Nolite te bastardes carborundorum, bitches. The Handmaid’s Tale may be dark, gritty and downright harrowing to watch — but the first meeting between the four main stars was anything but.
“We just drank, I don’t remember!” Samira Wiley exclusively tells Us Weekly. “To be honest, it was our first time hanging out and I remember Max and I had a conversation about The Bachelor. I do remember that.”
Wiley, 30, plays Moira in the Emmy award-winning Hulu series. Once she booked the role, she and costars Elisabeth Moss, Max Minghella and O-T Fagbenle got to know one another outside the Gilead world.
“It wasn’t like we were having a super intense conversation about the show. We talked about The Bachelor,” Wiley recalls, laughing about their night out. “I think I was talking about wanting to get married one day, which is crazy because it happened not too long after that.”
The actress, who married TV writer-producer Lauren Morelli in March, didn’t read Margaret Atwood’s 1985 novel of the same name before auditioning — and she has no regrets. “I read the book when we started shooting but I hadn’t actually read the book before I booked the part. I was unfamiliar with Margaret and I was actually happy that I wasn’t familiar because there were so many people that put so much pressure on me. I think I even had somebody tell me, ‘If you mess this up I’ll kill you.’ I didn’t need that added pressure on me!”
Indeed, after all — what happened before her actual audition was stressful enough. “I remember I had a crazy day. I had just lost my passport and I had to go to Canada the next day and I had to do this audition in the middle of it. I remember being so flustered,” the Orange Is the New Black star recalls. “I was worried about the passport situation so I wasn’t so much in my head [and jittery] about the scene. So it actually was beneficial [for me].”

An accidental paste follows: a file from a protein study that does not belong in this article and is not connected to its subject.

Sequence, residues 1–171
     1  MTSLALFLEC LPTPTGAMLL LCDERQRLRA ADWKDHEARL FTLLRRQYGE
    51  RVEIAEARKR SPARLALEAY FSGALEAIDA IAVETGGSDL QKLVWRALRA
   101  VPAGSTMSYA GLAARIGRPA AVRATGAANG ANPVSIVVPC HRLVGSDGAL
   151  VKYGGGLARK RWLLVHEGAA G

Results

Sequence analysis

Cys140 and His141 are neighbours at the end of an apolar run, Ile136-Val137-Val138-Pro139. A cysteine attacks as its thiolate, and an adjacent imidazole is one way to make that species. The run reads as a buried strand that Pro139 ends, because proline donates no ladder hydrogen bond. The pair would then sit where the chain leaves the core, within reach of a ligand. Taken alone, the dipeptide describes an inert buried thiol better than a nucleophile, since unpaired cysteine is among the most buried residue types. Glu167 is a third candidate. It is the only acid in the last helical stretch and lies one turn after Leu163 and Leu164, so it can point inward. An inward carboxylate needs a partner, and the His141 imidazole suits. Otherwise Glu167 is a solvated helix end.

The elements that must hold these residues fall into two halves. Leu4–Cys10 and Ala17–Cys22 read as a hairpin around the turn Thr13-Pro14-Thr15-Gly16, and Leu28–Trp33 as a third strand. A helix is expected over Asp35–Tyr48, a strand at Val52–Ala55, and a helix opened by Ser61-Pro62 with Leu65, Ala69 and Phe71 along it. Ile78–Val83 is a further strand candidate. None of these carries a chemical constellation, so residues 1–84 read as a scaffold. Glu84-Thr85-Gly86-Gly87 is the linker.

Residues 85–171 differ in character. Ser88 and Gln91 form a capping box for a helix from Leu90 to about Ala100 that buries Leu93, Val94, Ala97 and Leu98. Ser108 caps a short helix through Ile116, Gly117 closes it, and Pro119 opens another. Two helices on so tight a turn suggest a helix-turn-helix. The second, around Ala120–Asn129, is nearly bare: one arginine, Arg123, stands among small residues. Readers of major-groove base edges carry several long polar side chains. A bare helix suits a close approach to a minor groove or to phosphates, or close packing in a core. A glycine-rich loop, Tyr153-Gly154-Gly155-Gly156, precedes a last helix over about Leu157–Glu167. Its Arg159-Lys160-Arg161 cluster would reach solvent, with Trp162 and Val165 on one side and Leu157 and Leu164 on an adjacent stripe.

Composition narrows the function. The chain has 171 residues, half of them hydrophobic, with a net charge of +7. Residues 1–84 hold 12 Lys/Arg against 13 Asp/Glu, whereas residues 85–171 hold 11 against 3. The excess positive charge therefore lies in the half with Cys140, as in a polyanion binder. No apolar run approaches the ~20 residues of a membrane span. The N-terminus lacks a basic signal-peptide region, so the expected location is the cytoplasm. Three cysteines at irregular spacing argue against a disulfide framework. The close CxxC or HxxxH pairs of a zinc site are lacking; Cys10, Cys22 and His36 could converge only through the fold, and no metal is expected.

Saying that Wiley’s character went through a lot in season 1 would be an understatement. Moira and her friend June (Moss) are stripped of their rights by the government and, like all other fertile women, are forced to bear children for those unable to under the Republic of Gilead. Moira later is sent to work as a prostitute in the secret brothel Jezebel’s before she eventually escapes and crosses over into Ontario. There, she reunites with June’s husband Luke (Fagbenle) who is still looking for the couple’s daughter, Hannah.
June, meanwhile, strikes up a romantic relationship with Nick (Minghella), an Eye in the Waterford household, and becomes pregnant. In the final scene, she is taken away by a black van for possible punishment as he whispers to her: “Just go with it. Trust me.”
Clearly, there is more story to tell — and Wiley has some ideas. “[Moira’s] partner, Odette, has been sent to the Colonies, and that’s usually where people are sent to die. But in a perfect world I would want them to be reunited and for them to live in the same house or down the street from June, Luke and Hannah and all families to be intact,” Wiley tells Us of what she hopes her endgame will be. “But actually now that I’m talking about it — June also has Nick. She’s having a baby with him. This is all so confusing. Maybe all of us can live in the same house.”
As for if she’s Team Nick or Luke? “Oh my gosh! I can’t be anything but Team Luke! I think Moira is team Luke but Samira might be a little Team Nick,” she says. “I think [June is] a little bit in love with Nick. I do. But I also think that she just really misses Luke.”